Miami — Screeners at Miami's airport are among the tens of thousands of TSA employees and air traffic controllers. They woke up Friday to pay stubs showing $0.
"Everybody now is probably at the highest point of anxiety that they've been since this whole thing started. The reality is setting in that we're not going to get paid," said TSA officer Mike Gayzagian.
TSA sick calls are up 54 percent over last year. That's still just 5 percent of workers and the vast majority are on the job.
Still, Miami's airport will close a concourse until at least Monday, sending TSA officers to busier checkpoints as a precautionary measure.
TSA leaders remain worried about a national "tipping point" when screeners look elsewhere for work.
"It's profoundly unfair and almost disrespectful to put us in the middle of this debate over border security when we have absolutely nothing to do with it," said Gayzagian.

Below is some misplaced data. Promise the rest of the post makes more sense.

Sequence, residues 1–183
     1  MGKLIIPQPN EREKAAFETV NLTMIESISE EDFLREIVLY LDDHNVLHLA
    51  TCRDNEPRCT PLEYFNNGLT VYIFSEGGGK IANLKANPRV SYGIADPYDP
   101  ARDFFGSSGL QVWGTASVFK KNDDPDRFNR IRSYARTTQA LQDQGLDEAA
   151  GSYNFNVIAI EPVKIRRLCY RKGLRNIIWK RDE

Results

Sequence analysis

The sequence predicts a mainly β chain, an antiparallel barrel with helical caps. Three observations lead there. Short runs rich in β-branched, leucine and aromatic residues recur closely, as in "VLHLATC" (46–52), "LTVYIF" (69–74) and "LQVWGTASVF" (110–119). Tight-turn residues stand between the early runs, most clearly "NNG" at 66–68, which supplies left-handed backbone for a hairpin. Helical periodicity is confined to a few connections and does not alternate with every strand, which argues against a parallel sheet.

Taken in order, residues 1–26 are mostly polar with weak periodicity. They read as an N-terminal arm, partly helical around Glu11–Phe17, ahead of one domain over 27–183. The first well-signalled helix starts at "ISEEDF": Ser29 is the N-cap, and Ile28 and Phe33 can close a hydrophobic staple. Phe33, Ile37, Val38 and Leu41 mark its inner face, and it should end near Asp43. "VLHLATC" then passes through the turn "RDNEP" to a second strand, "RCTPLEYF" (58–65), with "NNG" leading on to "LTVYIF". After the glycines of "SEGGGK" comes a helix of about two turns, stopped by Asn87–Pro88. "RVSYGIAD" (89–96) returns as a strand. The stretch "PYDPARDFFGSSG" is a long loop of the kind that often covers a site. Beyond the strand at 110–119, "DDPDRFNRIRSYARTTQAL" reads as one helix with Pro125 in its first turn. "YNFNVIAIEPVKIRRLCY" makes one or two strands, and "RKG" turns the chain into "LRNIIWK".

Airlines are stuck in the middle, too. Regional carrier Silver Airways has brand new planes sitting in a Fort Lauderdale hanger.
"Every month that we don't introduce the aircraft, we're losing out on millions of dollars of revenue," said CEO Steve Rossum.
Silver will be the first in the U.S. to fly the ATR turboprops, but that requires FAA certification, which can't be completed during the shutdown. Delta may have to delay the launch of its new airbus A-220s for the same reason.
Some travelers are taking to social media to thank those working without pay, asking whether the TSA officers can get tips or take gift cards. The Pittsburgh airport bought them lunch on Friday.
The union representing 13,000 air traffic controllers became the latest union to sue the Trump administration over the shutdown. Meanwhile, the TSA announced Friday it will be able to pay screeners who worked on December 22, the first day of the shutdown.